What started in 2007 as a dream to construct a 9-mile multi-use singletrack trail with 3,000 vertical feet of elevation change came to its full realization on January 16, when the final 1.7 miles of singletrack on Mills Peak Trail in Graeagle, California, was completed. It was a final build that bypassed an unpopular jeep road that interrupted the flowing singletrack experience of this now widely popular trail.
This 11-year project was an enduring partnership between the Sierra Buttes Trail Stewardship (SBTS), numerous public agencies, including Plumas National Forest – Beckwourth Ranger District and Eastern Plumas Recreation District, Ibis Cycles, and many volunteers and local supporters.
Building a trail to provide world-class recreation opportunities that can help save an economically struggling region is not an easy task. Numerous complicated grant applications to state and federal funding sources were turned down, forcing SBTS to get creative. The most innovative was the $5 Bucks a Foot campaign, raffling off a new mountain bike. Through two different $5 Bucks A Foot campaigns with Ibis Cycles, the giveaway raised more than $100,000 for the construction of Mills Peak. This fundraising idea SBTS pioneered was so successful that it’s become a model used by other trail building organizations across the country.
While having money enables construction, the work can’t get done without blood, sweat and tears, all of which were shed building Mills Peak thanks to an army of volunteers, many of which are Lost Sierra locals. Whether battling through walls of manzanita, using winch lines and hoists to move giant rocks for trailbed armoring, or walking the trail each season with a chainsaw to clear downed trees, hundreds of people played a part in the construction and maintenance of Mills Peak.
“What most people don’t realize is that 90 percent of a trail building effort takes place before construction even starts,” explained Ron Heard, a Clio resident who’s been instrumental in creating Mills Peak Trail, volunteering hundreds of hours. “It took years to get this new 1.7-mile reroute approved and only a few months to build it.”
Along with Trails for Recreation and Community (TRAC), an eastern Plumas County trail advocacy and public outreach group, SBTS engaged the local community as well as people as far away as Reno and the Bay Area to volunteer time and effort on Mills Peak. But the going was almost never easy.
The creation of Mills Peak tested mettle and resolve, breaking off many hand tools and pushing the limits of motorized equipment. “Old Wobbly” – the trusty SBTS trail dozer that’s built 80 miles of singletrack and maintained 800 miles of existing trail since 2010 – even met its match on Mills Peak. Thanks to the frozen ground and massive rocks that needed to be moved constructing the final section of trail, Old Wobbly lost a limb, its steel arm snapping clean off and hanging only by its hydraulic hoses. Thankfully custom bicycle frame builder Cameron Falconer of Quincy stepped in to help, using his welding expertise to put Old Wobbly back together, enabling the completion of Mills Peak before the snow started flying.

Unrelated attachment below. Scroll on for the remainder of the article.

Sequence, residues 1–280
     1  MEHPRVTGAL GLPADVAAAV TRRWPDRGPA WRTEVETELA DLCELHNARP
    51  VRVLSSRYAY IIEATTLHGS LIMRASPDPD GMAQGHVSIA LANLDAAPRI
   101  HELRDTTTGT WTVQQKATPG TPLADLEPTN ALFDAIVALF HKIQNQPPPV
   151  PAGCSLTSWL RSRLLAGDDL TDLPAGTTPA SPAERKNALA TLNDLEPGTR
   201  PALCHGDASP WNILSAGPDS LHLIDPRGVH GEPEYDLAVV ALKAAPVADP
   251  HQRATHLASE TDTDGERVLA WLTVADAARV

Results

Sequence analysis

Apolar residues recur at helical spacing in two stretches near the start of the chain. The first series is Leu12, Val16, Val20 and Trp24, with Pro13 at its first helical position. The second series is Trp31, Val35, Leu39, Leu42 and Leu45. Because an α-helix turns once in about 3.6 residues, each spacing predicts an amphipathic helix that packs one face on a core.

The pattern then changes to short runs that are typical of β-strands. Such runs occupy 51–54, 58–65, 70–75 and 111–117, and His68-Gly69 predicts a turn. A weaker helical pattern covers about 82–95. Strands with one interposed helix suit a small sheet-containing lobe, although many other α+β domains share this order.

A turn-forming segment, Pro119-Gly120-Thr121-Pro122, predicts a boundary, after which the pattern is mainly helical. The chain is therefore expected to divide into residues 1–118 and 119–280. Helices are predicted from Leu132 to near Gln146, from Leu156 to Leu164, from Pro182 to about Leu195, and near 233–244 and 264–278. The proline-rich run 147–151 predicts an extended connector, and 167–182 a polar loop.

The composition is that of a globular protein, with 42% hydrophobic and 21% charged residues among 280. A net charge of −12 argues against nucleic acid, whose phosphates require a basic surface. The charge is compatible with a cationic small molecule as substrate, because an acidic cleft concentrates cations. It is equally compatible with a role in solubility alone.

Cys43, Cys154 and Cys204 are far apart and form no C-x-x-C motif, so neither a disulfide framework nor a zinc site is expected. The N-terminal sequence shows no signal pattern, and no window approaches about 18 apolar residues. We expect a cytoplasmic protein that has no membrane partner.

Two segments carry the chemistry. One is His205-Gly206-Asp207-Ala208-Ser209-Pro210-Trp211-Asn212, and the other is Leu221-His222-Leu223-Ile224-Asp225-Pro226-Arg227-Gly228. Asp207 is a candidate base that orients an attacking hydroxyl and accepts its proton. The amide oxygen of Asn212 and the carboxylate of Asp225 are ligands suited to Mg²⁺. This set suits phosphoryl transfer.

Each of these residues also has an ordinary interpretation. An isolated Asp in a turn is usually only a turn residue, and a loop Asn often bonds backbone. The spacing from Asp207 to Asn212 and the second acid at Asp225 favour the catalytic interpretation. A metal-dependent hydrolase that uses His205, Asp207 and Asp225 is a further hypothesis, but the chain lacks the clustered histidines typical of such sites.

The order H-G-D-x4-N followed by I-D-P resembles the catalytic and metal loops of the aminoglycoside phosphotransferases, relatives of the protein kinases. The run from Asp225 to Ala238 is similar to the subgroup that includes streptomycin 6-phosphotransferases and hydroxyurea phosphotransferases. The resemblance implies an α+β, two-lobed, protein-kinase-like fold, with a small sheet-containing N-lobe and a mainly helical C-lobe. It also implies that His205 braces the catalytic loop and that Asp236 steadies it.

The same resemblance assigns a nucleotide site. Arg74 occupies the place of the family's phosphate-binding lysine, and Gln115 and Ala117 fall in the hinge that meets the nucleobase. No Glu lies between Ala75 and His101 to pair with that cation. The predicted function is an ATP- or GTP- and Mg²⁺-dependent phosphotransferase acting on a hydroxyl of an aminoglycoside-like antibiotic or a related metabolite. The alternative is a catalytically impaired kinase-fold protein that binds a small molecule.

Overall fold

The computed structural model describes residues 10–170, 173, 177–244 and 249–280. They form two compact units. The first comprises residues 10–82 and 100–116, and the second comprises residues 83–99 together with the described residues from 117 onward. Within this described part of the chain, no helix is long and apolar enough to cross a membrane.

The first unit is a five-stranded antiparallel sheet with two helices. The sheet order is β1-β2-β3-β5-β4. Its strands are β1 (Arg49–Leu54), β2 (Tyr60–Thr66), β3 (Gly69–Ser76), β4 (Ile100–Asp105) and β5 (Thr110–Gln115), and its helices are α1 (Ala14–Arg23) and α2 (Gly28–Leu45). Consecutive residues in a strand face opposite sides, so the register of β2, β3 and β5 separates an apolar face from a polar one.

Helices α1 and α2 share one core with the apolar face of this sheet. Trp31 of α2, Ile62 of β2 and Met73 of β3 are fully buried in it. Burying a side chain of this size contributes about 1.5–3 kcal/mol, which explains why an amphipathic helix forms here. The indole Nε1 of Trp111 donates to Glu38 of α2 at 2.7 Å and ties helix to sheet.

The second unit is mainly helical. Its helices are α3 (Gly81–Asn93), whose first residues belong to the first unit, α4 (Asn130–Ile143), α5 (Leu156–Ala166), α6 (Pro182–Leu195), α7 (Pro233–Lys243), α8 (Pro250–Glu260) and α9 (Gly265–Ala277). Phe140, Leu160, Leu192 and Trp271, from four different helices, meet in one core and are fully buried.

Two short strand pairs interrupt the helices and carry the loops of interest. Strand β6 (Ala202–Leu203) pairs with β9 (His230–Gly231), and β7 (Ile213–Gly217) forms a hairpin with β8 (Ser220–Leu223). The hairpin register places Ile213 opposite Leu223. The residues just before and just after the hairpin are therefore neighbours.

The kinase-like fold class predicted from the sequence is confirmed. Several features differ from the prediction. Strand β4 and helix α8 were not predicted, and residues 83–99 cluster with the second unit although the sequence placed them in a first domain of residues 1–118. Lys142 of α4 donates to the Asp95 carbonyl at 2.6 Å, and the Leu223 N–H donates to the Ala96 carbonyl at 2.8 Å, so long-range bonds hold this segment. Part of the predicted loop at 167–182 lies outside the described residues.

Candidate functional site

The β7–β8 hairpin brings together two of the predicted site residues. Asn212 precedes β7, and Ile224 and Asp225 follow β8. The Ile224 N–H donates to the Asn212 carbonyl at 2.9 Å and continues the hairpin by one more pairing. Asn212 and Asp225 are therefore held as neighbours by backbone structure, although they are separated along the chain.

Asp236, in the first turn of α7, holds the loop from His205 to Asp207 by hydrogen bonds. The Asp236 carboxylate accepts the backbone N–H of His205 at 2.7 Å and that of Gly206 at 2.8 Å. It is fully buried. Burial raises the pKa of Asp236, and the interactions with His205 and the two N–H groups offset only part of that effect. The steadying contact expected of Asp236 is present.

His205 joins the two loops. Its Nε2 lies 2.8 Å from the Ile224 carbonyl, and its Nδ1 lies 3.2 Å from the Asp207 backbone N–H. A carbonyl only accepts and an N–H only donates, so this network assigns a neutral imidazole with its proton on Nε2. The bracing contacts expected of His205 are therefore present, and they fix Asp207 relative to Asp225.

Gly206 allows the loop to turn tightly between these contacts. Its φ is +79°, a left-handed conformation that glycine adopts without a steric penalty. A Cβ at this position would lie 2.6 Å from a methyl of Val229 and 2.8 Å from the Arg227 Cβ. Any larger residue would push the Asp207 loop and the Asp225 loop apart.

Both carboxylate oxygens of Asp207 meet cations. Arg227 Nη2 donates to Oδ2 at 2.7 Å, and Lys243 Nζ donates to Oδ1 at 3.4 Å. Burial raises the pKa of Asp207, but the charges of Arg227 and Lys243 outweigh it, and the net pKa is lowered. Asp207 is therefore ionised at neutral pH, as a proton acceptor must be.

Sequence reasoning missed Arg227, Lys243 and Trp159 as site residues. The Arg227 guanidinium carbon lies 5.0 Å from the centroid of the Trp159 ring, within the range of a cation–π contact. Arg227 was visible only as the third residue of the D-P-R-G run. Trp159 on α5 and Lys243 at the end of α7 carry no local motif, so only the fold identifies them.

“The process of fundraising, designing, constructing, and maintaining Mills Peak Trail has been an educational workshop for us,” said Greg Williams, SBTS Executive Director. “Having gone through the process, we now want to share our experience and knowledge with trail organizations, community leaders, and land managers in hopes we can inspire others to help revive the mountain way of living through recreation.”
This ribbon of singletrack providing fun, beauty and enjoyment, drawing international recognition and visitors was a true community effort, bringing much needed tourism dollars to the economy of Plumas County. Mills Peak Trail is proof that a motivated and organized group of folks who want to do something good for the future of their community can persevere, no matter how deep or challenging the digging gets.
The public is invited to join SBTS on May 18 for a Mills Peak Trail volunteer workday, putting the finishing touches on the trail tread as well as having an official grand opening ribbon cutting ceremony. More information about our volunteer Trail Daze workdays can be found at sierratrails.org.
About Sierra Buttes Trail Stewardship
The Sierra Buttes Trail Stewardship was formed in 2003 as a volunteer-driven, 501c3 non-profit organization whose primary goal is building a sustainable, recreation-focused future for mountain communities, fostering stewardship of public lands through job creation, education, habitat protection, trail maintenance and construction of new multi-use trails. With support of a strong volunteer base, they have contributed thousands of hours and extensive fundraising efforts towards trail maintenance, restoration and new construction in Downieville, Graeagle, Quincy, and the rest of the Lost Sierra. Their bike shop, Yuba Expeditions, has been welcoming mountain bikers to the region for more than 25 years. All proceeds from SBTS festival event races and the bike shop go directly toward trails in the Lost Sierra.
Visit sierratrails.org to learn more about volunteering for trail work, becoming a member and supporting our events.